Lubrin is both a village and a municipal (parish), set within the Sierra Los Filabres in rural Almeria, Andalusia. The quiet village is an excellent destination for those seeking a traditional Andalusian hideaway. Situated around 45 kilometres from the beaches at Mojacar and 72 kilometres from the city of Almeria.
Lubrin’s history stretches back some 3.5 million years, when first man leaves Africa and arrives in the Almanzora Valley. After which, there is evidence that Neanderthal man settled in the region some 100,000 years ago. You can visit The Cave of Bats, with its rock paintings, along the road to El Marchael and the carvings on the Stones of Wax in El Campico.
The area was occupied by the Moors and there are the remains of an Arabic Fort closeby. However, it’s fixed origins, when Lubrin became a village in its own right, dates to 1578, when it became the estate of the Marquis of Carpio and the Dukes of Alba and a medieval settlement for the estate workers.
Lubrin itself is small, but offers all the basic amenities you will need for a rural retreat. There are several bars and cafes, including Los Molinos restaurant, which is renowned throughout Almeria for its superb tapas. Small supermarkets, shops and traders will supply you daily with locally baked bread, meat, vegetables, etc. Plus there is a Wednesday market, which provides all you will need for a week’s shop. The parish of Lubrin is made up of 20 small villages and hamlets, so if you can’t find what you need in Lubrin, you will find it closeby.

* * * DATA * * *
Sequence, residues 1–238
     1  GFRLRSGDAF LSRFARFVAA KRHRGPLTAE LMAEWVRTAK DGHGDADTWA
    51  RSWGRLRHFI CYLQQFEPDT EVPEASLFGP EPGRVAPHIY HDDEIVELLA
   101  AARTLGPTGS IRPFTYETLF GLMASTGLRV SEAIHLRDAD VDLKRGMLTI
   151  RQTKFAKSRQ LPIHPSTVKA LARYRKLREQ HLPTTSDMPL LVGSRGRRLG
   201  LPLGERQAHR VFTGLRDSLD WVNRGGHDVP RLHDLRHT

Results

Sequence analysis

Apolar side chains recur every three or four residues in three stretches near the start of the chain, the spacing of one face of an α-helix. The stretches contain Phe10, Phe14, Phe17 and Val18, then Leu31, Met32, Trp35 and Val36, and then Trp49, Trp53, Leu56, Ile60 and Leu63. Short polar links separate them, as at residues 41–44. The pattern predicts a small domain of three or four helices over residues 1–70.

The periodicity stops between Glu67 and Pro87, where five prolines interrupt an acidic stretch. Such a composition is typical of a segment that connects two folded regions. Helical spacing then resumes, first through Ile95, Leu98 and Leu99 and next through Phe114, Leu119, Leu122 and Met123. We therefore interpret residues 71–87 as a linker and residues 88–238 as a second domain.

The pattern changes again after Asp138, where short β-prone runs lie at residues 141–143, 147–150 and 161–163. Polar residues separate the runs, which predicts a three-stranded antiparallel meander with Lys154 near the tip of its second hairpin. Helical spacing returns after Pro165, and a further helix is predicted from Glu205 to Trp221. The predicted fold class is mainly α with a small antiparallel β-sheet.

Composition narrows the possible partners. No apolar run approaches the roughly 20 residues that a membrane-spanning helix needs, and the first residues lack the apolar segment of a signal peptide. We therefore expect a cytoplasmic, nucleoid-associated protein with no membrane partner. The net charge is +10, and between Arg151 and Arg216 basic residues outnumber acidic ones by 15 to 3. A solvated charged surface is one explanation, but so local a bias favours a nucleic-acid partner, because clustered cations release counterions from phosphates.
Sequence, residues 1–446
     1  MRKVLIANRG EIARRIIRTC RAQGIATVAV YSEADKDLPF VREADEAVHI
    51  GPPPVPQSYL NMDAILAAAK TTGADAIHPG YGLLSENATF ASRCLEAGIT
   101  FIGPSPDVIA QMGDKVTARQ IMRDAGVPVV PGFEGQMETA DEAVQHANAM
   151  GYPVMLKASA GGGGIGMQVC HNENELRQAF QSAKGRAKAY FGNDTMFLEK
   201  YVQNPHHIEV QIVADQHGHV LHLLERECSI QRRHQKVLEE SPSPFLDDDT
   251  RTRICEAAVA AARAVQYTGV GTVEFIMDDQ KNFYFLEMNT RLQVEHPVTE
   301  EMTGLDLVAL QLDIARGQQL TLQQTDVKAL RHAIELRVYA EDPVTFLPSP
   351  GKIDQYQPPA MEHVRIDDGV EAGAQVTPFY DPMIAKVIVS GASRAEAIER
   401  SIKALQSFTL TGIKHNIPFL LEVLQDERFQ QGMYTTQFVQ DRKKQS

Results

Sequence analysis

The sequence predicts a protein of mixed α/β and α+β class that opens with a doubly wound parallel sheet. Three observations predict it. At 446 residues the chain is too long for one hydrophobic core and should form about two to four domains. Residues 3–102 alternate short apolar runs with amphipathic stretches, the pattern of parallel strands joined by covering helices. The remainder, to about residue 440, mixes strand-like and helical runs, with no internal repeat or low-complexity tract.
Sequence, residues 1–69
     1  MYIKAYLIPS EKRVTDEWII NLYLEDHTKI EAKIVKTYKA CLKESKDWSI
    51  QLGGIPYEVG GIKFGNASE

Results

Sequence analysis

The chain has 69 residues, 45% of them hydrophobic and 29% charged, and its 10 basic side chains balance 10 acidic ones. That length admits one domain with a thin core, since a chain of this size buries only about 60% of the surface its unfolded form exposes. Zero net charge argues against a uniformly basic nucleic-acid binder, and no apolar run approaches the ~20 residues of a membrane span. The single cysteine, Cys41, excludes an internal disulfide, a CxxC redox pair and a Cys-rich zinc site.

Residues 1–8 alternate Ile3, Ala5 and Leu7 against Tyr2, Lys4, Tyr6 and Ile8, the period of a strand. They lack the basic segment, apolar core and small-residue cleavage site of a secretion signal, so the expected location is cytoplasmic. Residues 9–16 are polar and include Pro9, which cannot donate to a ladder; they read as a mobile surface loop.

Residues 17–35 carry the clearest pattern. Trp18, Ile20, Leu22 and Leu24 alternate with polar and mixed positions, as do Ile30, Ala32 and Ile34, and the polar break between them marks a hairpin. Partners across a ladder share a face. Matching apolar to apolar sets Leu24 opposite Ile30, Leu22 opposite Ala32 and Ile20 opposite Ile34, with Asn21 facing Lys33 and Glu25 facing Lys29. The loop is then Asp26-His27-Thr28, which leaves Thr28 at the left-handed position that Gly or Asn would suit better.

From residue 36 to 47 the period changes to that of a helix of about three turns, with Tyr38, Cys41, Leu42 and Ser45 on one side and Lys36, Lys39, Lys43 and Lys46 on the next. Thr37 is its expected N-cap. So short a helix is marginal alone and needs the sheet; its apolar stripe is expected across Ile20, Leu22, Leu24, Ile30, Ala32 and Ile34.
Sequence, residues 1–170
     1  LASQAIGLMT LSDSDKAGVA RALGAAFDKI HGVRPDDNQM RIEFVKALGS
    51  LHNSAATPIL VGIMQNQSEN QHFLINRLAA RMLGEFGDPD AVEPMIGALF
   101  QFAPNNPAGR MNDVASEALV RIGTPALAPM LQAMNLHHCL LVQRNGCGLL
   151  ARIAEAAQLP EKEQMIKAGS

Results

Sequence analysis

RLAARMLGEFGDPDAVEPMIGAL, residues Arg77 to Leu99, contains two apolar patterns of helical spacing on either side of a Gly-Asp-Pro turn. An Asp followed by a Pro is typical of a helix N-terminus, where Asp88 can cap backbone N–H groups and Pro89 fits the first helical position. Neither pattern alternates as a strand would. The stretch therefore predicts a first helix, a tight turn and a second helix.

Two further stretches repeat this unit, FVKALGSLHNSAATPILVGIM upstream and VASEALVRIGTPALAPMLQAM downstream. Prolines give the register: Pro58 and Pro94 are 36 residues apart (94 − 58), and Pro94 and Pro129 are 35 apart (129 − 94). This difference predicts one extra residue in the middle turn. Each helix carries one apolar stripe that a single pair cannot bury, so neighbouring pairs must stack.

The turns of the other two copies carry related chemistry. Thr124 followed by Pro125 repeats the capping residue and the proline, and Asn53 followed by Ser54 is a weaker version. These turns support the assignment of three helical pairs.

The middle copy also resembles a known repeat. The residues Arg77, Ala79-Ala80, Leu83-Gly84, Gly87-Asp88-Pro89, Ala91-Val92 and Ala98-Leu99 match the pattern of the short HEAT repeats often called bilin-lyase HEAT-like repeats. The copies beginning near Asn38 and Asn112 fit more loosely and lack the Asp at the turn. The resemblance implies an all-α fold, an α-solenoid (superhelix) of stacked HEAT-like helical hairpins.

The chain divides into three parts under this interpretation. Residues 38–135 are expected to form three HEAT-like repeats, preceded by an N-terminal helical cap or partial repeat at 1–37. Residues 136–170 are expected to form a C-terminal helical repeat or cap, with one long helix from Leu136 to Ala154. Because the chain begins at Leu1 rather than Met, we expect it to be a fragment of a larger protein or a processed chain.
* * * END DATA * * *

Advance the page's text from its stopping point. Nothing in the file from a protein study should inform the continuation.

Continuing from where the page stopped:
The style of the village is typically Andalusian, and there are some interesting cultural attractions to visit, such as the 19th century parish Church de la Virgen del Rosario, the Monument to the Stonecutter, is a popular tourist attraction. The statue is in honour of the men who mined the rich marble deposits and make the town prosper in the 19th century.
Lubrin is the village of light during the month of August. Celebrating the Festival of Lights, it presents a series of outdoor theatrical events and concerts. Visitors come from all around to enjoy the activities.
On the 20th January the villagers of Lubrin celebrate the Fiesta del Pan (Bread Festival), which honours San Sebastian. Delicious local breads are baked and stuffed with anchovies, blood or garlic sausages, and eaten with gusto! And during October the village celebrates its patron saint, the Virgen del Rosario.
The views from Lubrin are stunning, looking out over the Sierra Los Filabres, the sleepy and tranquil town, stretches out to meet the green hills and valleys that are so popular with outdoor pursuits enthusiasts.
Delicious, rustic cuisine wins through in Lubrin. Fish, tomato and garlic stew, or a stew made with pork, tomatoes, spices and wheat berries is also a typical local dish.
Lubrin is situated inland on the Costa Almeria, one of the driest and sunniest locations in Europe. The region boasts clear, sunny days nearly all year round.